The second guy that captivated me was in the New Orleans Aquarium. While we were eating lunch in the Aquarium Food Court, he was sitting behind a portable hot dog stand, waiting to sell someone a hot dog. No one came. For the entire 45 minutes we ate lunch, no one came to his stand. So he just sat there, staring blankly into space, for 45 minutes. He was young, early 20s. He looked fit. If this is what he did all day, where did he find his purpose?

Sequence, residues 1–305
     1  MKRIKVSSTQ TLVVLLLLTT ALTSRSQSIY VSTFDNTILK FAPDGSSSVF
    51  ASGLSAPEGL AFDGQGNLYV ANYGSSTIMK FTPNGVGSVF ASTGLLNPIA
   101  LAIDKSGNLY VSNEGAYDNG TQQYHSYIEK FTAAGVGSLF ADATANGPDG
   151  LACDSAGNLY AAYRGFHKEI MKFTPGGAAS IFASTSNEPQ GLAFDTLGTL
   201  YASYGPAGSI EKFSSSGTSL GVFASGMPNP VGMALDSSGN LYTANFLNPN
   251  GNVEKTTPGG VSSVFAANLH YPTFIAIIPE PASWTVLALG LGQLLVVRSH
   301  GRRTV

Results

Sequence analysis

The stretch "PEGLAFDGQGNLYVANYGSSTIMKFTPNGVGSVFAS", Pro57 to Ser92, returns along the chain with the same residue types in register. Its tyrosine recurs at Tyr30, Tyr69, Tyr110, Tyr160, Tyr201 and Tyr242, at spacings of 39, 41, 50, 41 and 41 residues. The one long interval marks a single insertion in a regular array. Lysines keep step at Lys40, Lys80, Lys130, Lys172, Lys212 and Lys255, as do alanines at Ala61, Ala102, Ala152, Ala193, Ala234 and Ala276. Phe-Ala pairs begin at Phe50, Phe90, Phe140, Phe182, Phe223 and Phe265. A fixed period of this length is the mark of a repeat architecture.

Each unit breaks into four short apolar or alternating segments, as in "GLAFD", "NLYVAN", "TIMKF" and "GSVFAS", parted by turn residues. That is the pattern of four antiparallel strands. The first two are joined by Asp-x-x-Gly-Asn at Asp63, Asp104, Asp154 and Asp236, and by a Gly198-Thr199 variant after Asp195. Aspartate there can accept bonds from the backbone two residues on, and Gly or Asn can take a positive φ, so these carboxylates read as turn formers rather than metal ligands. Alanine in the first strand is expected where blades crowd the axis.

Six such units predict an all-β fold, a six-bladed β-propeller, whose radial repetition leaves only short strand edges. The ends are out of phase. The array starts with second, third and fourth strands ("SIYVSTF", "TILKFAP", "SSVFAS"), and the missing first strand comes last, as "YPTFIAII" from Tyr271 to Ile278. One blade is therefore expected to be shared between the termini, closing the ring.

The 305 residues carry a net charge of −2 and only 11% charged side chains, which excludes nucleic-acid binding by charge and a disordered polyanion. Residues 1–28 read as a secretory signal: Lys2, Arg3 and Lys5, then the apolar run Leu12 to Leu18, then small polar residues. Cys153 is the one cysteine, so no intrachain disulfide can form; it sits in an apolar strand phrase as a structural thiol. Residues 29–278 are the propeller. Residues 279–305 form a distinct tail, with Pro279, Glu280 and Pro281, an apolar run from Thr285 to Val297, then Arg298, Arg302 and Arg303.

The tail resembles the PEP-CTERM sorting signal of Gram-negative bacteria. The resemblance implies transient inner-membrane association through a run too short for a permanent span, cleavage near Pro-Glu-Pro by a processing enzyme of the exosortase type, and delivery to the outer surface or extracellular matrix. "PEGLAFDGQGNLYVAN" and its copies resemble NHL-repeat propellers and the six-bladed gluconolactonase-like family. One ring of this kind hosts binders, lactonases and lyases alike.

Have you ever encountered someone and tried to imagine what their life was like? Next time you see someone on the sidewalk, pay for gas, or have someone bag your food at the grocery store, try to imagine their life. What’s their story?

Your story is the sum total of your life experiences, your childhood, your difficult circumstances, your personality quirks that you inherited from your aunt, the twisting, winding road that brought you to where you are today. That’s your story. The question is, how many stories do we really know? If we don’t know someone’s story, we don’t know them.

Spend some time and find someone’s story this week. See what it does to you.